The sludge and the liquid separated from it then follow different routes. In London, the liquid goes to secondary treatment plants where microbes feed on and destroy the waste matter it contains in about eight hours. It then passes through final sedimentation, when the microbes themselves are separated out and re-used. The water that is left is clean enough to go into a river. Water from the River Thames is re-used several times before flowing into the North Sea.
In the UK, chlorine is added to the water at various stages to purify it.
Meanwhile, the crude sludge is pumped to digestion tanks. There, over three or four weeks, microbes convert part of the sludge into gas containing methane, which is piped off and used to create power to run the sewage works.
The rest of the sludge has more water removed before being sold to farmers as fertiliser. At Blue Mountain, Pennsylvania, for example, sewage sludge has helped to reforest land destroyed by zinc extraction. Any sludge left over is dumped at sea.
Each day, New York City generates between 24,000 and 25,000 tons of solid waste – much of it household refuse carted away in twice-weekly, municipally organised collections. Virtually all of this mountain of rubbish is transferred to one site at Fresh Kills on Staten Island, where it is dumped into what began as a hole in the ground and is now the largest tip in the world, covering 3000 acres (1215 hectares).
Such waste disposal by controlled dumping is called a landfill. On a worldwide basis it is the most widely practised and cheapest way of ridding society of unwanted byproducts that cannot be flushed away through sewage systems.
But as the volume of waste continues to grow, landfills like Fresh Kills are less able to cope. Lack of space creates problems of pollution. From the rotting tips can contaminate surface and underground water supplies unless the tip is specially equipped to treat it.
When landfills are full or become a sufficiently serious hazard to public health, they have to be closed. Since the 1960s, New York has shut 14 and new sites are not easy to find. If they are too far away from the city they serve, the cost of transporting the rubbish to them becomes too high for municipal budgets. Click here for local UK dumps and rubbish sites.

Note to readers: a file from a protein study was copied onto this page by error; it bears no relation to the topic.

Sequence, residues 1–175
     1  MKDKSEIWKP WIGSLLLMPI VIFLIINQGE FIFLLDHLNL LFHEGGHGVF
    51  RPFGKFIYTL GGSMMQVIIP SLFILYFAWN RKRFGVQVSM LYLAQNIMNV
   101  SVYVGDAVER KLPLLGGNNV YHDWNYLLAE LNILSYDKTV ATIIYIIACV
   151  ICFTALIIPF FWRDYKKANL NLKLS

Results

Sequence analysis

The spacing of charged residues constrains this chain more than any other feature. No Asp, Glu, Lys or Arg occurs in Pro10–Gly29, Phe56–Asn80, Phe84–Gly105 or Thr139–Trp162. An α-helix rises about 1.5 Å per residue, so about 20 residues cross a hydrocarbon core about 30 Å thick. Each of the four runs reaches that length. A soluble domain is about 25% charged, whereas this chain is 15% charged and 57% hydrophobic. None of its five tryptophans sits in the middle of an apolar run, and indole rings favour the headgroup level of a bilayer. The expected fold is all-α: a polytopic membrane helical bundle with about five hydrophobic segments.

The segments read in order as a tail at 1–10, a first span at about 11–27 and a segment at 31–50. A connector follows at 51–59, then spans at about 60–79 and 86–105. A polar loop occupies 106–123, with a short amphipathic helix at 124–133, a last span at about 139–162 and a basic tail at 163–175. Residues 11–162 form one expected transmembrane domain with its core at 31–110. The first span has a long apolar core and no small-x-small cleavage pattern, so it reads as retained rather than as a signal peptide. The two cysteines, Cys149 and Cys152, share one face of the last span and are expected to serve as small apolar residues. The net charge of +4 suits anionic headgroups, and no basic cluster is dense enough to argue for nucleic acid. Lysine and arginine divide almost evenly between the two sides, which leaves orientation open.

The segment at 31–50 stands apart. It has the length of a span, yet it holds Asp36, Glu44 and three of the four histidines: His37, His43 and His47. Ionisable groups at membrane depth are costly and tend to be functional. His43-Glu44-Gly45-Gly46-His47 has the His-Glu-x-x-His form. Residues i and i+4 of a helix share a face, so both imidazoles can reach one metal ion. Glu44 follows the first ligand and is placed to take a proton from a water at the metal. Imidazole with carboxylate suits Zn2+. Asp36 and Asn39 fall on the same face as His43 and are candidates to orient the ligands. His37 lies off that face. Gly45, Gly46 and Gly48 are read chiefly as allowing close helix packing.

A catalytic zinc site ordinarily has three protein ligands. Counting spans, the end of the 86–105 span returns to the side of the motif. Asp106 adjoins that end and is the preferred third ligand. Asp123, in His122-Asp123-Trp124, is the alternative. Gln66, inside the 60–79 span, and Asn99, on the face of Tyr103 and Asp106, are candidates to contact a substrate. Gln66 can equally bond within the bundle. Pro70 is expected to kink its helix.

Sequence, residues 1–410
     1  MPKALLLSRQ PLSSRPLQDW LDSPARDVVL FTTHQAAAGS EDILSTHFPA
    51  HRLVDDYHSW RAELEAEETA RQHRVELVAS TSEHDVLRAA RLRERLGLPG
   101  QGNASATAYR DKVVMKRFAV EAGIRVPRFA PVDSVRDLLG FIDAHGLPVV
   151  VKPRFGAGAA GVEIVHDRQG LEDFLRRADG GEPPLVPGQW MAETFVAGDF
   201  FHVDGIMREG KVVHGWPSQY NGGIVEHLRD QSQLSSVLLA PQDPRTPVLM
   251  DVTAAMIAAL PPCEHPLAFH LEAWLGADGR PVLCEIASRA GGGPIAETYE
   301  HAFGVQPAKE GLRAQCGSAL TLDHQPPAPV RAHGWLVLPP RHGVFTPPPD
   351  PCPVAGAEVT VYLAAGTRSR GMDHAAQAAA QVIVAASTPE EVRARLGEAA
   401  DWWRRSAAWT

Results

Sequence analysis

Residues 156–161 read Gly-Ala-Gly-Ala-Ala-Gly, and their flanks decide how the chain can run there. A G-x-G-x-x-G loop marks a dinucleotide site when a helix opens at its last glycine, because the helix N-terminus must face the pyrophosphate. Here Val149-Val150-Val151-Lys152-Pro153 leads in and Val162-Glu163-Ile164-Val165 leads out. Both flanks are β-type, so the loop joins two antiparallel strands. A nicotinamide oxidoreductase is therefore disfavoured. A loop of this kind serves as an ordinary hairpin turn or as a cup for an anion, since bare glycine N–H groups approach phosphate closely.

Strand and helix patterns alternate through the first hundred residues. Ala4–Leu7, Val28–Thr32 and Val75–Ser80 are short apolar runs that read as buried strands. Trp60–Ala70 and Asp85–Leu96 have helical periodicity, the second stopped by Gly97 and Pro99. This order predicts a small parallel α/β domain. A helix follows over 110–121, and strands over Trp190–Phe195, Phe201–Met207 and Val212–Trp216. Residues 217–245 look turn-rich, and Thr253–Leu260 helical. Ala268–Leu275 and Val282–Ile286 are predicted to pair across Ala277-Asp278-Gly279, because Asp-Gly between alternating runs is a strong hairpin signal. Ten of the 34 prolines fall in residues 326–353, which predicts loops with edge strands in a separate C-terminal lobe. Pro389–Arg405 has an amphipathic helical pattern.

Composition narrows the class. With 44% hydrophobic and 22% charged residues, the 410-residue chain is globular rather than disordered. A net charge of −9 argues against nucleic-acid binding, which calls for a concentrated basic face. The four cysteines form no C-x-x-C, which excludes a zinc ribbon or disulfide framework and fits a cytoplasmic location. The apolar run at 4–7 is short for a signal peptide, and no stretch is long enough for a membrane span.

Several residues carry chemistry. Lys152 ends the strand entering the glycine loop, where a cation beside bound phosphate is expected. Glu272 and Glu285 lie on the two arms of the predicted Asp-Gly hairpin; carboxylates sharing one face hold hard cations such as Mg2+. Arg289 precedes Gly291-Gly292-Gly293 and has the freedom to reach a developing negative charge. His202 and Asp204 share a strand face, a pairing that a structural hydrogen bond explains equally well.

In many countries, including Sweden, Germany and Japan, burning has long been used as an alternative to dumping. But in the United States incineration accounted, in the mid-1980s, for less than 5 per cent of solid waste disposal. The advantage of burning is that it reduces the volume of rubbish by two-thirds; the heat produced in the process can also be used to generate electricity or provide heating.
Against that, the ash residue may contain toxic chemicals which have been concentrated during incineration. The ash cannot therefore always be safely deposited in ordinary landfills. Other toxic chemicals, such as hydrogen chloride and dioxin, can be released into the atmosphere during burning if the proper gas-cleaning equipment is not used. In Los Angeles, citizens afraid of atmospheric pollution have stopped incinerators from being built.
Another reason against burning rubbish is expense. In the UK, the charge for burying it may be up to £60 a ton. To burn it can cost three times as much.
Health hazard Uncontrolled dumping of waste on land can create hazards to health. But in most Western countries, new laws are tightening up on waste disposal.